North Carolina Issues $58 Million in Film Tax Credits in 4yrs

North Carolina Issues $58 Million in Film Tax Credits in 4yrs


North Carolina Issues $58 Million in Film Tax Credits in 4yrs, Refunds $44 Million as CA$H

Mark Binker, a journalist at North Carolina’s, did a fantastic bit of reporting this week about North Carolina’s film incentive.  North Carolina offers a refundable tax credit of 25% on qualified spending and a $20 million per-project cap.

As I pointed out in a previous post that included data for Massachusetts and Pennsylvania, productions have virtually zero tax liabilities and the vast majority, if not all, of the tax credits issued in those two states were sold to third parties for cash.  With a transferable tax credit (Massachusetts & Pennsylvania) the free money from the state’s taxpayers is more indirect because of the sale to a third party.  But in a place like North Carolina or New Mexico, where the credits are refundable, the cash handout comes DIRECTLY from the same state coffers that fund things like education, health care and public safety.  North Carolina teachers, as a matter of fact, have been getting killed by massive cuts from the state.

Once again, the real value of film tax credits is free cash to offset the budget, as very little was used for actual tax liabilities.  According to data from the North Carolina Dept. of Revenue, over 75% of issued credits from 2008 to 2010 were refunded as free cash money:

If the amount of credits refunded in 2011 is similar to the rate refunded vs. claimed from 2008 to 2010, producers will be getting almost $23 million in free cash from North Carolina.  The grand total of cash handouts from the $58.5 million issued as credits from 2008-2011: over $44 million.  Some of the lucky recipients of North Carolina’s free cash for filmmakers program include:

  • $1.77 million for the upcoming Piranha 3DD (can’t wait for that one!)
  • $5 million for Journey 2
  • $234,865 for Eyeborgs
  • $432,000 for April Fools Day
  • And over $27 million for four seasons of One Tree Hill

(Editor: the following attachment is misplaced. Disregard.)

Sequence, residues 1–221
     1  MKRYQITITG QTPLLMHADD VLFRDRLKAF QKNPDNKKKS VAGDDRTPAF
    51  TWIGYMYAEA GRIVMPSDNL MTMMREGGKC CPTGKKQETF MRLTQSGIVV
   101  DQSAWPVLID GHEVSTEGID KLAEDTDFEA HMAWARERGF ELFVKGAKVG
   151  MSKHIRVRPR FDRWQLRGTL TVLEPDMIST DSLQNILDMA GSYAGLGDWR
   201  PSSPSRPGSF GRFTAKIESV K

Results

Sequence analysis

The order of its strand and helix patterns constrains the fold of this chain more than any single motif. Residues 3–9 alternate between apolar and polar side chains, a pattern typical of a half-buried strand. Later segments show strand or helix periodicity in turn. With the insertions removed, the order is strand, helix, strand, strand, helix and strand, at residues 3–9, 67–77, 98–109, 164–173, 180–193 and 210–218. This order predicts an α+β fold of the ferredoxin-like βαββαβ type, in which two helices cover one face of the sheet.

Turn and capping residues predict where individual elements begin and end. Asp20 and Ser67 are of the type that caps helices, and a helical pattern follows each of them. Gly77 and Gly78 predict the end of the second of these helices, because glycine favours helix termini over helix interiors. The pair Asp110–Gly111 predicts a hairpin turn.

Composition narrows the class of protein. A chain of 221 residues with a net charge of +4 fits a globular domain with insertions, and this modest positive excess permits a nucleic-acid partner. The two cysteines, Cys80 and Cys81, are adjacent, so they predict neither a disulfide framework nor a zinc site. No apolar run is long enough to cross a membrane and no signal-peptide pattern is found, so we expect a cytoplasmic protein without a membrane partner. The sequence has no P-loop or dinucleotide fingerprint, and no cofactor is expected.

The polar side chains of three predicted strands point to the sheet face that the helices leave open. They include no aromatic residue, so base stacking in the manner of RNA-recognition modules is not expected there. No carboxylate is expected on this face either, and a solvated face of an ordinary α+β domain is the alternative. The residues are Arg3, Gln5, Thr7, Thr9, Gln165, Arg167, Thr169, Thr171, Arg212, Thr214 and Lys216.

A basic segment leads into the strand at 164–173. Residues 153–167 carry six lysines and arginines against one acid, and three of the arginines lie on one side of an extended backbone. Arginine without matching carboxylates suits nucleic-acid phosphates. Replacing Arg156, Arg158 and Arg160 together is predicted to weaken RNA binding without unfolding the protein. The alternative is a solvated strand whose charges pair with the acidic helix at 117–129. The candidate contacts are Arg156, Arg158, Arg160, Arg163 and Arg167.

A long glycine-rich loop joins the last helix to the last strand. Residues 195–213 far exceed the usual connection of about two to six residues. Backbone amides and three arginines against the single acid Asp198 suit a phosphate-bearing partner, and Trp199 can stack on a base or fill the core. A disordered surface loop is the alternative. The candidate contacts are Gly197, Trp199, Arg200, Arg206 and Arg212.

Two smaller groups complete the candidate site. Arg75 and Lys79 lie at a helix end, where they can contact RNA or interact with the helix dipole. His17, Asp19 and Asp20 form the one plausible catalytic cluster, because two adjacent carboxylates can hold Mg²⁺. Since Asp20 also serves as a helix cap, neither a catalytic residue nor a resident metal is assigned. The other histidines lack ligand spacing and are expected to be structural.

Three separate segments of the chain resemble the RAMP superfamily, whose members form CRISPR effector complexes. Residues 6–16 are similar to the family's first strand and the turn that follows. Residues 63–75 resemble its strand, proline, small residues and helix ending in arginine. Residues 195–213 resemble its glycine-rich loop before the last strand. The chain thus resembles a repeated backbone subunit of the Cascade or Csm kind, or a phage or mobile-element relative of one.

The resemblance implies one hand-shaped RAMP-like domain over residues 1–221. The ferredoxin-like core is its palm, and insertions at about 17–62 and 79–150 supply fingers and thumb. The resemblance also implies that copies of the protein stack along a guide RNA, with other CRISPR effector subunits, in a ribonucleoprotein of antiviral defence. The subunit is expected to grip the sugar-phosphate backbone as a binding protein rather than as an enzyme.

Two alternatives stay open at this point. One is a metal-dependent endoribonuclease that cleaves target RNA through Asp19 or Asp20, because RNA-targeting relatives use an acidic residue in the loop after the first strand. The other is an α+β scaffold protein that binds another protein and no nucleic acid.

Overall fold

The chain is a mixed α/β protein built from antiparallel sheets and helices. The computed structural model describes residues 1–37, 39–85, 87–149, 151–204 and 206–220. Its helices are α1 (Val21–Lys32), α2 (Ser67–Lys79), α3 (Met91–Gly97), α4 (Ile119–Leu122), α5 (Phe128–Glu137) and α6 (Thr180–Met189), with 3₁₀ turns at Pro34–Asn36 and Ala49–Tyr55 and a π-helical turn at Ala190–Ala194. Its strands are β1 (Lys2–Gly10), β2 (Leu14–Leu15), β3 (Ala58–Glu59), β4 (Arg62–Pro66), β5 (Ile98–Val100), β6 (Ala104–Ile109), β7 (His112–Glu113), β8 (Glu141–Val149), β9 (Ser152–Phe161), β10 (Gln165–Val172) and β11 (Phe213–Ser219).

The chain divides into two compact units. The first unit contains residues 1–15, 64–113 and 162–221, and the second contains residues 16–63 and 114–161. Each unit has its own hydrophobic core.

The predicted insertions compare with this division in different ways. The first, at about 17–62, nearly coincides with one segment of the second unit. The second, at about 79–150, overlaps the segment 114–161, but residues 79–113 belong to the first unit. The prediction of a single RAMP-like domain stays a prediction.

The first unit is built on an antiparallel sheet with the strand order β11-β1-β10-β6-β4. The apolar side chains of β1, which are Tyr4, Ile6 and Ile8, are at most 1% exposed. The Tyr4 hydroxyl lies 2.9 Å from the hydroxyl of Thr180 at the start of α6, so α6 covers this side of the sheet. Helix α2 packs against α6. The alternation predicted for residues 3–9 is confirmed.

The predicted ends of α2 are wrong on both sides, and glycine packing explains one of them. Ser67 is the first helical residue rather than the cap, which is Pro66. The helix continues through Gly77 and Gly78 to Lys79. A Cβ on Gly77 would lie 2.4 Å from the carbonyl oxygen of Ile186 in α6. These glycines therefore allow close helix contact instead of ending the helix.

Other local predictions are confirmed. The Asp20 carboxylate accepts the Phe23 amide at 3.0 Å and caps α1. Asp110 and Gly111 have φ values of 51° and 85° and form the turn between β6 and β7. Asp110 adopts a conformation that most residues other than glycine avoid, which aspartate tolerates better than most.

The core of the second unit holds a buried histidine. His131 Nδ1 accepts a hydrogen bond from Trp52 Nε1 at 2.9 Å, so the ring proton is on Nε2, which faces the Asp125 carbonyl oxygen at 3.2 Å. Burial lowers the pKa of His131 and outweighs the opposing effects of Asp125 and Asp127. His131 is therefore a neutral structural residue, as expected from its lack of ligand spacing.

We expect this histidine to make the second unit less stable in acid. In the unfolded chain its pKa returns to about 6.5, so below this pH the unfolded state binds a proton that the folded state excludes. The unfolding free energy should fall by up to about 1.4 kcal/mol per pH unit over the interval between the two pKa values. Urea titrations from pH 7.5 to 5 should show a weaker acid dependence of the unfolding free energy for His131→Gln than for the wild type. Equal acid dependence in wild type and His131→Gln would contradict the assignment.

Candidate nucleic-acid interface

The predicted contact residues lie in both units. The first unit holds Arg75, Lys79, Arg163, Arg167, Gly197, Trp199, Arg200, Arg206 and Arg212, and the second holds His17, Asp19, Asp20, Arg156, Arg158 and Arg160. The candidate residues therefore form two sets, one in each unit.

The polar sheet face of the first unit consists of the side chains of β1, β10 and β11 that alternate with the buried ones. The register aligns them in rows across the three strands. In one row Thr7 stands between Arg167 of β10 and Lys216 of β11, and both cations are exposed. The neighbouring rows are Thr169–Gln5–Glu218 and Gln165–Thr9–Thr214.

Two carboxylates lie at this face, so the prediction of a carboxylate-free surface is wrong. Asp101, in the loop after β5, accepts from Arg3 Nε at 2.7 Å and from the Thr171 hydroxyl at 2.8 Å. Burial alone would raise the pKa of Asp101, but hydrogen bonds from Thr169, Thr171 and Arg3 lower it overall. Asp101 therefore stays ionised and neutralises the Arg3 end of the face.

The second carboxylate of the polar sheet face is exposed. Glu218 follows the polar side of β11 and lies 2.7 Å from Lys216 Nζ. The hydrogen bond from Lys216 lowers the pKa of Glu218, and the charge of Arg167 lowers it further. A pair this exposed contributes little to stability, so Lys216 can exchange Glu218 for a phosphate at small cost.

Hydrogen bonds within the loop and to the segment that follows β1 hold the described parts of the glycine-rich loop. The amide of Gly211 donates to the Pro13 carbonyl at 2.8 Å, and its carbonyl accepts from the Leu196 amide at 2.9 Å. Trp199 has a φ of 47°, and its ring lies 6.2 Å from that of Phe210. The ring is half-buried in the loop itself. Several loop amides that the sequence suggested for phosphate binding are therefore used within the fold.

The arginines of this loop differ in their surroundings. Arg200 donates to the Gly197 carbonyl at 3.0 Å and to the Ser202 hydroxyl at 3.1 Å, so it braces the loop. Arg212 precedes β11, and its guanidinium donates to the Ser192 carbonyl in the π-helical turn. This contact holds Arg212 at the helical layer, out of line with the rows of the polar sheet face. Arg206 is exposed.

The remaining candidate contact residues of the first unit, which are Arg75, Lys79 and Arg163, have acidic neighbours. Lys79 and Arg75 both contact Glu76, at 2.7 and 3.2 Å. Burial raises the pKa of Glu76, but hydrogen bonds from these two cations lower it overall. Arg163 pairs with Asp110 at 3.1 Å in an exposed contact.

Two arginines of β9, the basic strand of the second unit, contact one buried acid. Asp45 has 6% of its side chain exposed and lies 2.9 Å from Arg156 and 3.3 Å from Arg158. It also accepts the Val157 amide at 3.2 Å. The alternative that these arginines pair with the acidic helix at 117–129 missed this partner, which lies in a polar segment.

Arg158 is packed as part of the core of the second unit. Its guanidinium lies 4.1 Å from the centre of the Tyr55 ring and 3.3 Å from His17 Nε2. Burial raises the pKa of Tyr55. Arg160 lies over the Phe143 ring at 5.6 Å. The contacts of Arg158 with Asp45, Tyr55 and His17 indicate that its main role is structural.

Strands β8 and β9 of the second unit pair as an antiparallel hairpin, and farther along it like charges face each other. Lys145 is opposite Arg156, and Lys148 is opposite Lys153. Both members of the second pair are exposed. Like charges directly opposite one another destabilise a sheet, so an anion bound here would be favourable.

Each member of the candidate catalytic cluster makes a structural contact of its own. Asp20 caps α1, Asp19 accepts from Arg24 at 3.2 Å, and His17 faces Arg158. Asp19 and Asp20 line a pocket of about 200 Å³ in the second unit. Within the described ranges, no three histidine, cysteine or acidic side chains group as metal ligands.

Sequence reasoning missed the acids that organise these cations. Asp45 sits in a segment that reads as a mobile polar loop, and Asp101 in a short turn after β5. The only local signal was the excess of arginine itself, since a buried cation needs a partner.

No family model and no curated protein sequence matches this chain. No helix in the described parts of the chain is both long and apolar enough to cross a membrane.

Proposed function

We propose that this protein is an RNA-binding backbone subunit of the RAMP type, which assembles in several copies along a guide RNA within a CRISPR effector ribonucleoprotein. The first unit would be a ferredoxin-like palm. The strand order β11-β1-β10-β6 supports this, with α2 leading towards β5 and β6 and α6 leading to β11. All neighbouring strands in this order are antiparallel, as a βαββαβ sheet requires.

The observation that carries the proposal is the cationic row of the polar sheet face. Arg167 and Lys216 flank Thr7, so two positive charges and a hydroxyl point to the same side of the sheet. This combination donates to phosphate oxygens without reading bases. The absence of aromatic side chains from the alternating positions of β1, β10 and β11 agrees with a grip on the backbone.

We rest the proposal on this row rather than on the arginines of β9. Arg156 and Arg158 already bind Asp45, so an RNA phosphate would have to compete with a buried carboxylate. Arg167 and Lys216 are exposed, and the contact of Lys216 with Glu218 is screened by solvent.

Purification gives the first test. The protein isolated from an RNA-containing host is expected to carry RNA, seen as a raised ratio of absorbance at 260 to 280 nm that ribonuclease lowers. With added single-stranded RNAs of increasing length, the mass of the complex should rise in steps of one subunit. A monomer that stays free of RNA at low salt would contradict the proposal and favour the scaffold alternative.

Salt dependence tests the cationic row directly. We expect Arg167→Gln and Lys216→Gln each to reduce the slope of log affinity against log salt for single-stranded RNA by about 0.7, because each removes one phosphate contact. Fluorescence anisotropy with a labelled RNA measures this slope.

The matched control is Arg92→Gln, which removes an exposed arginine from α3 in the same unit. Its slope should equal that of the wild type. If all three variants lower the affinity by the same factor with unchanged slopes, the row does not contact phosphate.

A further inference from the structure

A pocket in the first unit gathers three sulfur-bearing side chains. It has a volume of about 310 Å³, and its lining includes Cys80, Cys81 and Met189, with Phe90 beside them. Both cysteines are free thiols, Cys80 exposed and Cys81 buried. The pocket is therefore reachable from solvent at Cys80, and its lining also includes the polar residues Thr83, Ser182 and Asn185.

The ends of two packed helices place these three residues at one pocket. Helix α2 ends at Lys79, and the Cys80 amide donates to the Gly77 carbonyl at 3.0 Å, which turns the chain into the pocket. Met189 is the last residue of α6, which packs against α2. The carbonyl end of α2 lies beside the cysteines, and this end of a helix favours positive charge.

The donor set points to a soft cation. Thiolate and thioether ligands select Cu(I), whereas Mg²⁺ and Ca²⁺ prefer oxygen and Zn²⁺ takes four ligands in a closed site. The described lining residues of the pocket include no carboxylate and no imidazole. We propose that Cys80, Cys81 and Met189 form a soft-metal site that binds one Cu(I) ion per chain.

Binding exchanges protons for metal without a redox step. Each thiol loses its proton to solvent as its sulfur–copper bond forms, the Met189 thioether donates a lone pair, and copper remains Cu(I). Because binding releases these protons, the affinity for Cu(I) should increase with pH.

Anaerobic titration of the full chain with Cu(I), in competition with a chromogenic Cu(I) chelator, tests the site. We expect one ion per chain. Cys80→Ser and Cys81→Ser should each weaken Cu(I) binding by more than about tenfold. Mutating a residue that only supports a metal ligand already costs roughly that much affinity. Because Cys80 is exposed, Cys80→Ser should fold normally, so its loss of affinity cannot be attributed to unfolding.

To be fair, Piranha 3DD spent $7.1 to make the movie in North Carolina, but over half of the $3.6 million in wages was paid to out-of-state actors and talent like Christopher Lloyd, Ving Rhames and David Hasselhoff, who will be spending their wages outside of North Carolina.  Still, let’s take a look at what North Carolina taxpayers are getting for their $1.77 million:

Looks AWESOME!  Thank you for laying off teachers North Carolina, cause I can’t wait for the naked stripper life guards to get eaten!

Detailed spending and credits issued are included for all projects awarded North Carolina’s incentive from 2007-2011 at the end of this post.

Once again, in the comments section to Binker’s article, it was clear that there is a total lack of understanding amongst seemingly intelligent people who back the incentive.  In response to a comment I made to address the confused people who truly believe film incentives are about lower taxes, one of the film backers wrote:

I think you’re confusing how a tax credit works. If you would normally pay $1000 in taxes and the government offers you a $500 tax credit, you pay $500 in taxes. If the government offers you $2000 in tax credit, you pay $0. The government does not pay you $1000.

In the case of Hunger Games, the production was eligible for $15M in a tax credit (according to the article). But this means they paid some amount of taxes greater than that. For the sake of argument, we might say that they paid exactly $15M and their tax liability is now $0. In that case, the state still benefits from the injection of $$$ to the economy.

If we didn’t offer this incentive, it’s certainly possible they would have shot here anyway, in which case great, we benefit $15M in taxes above what we did. But if they chose not to shoot here at all, you lose any tax revenue and any economic injection.

Um, yes…under North Carolina’s REFUNDABLE tax credit, the government DOES pay you the $1,000.  Free Cash!  I offered the following response, which I hope this person saw:

I agree that is how a normal tax credit works. However, the NC film incentive is a refundable tax credit. Any excess credit over the tax liability is refunded in cash. Did you not see the chart in the article above? In 2008, for example, the state issued $11.5 million in tax credits and refunded $9.6 million back as a cash payment. Only $1.9 was used to satisfy actual tax liabilities. But the rest of the unused credit was refunded as CASH. Hence in your hypothetical with Hunger Games, if their tax liability is $0, they get a CASH refund from the DOR for $15 million. It’s money off the top of the budget. Once people realize how these film incentive programs actually work, they not the big fans they thought they were.

If states keep shelling out free money like North Carolina, The Hunger Games may go from fiction to reality.

Detailed North Carolina Film Incentive Production Data 2007-2011:


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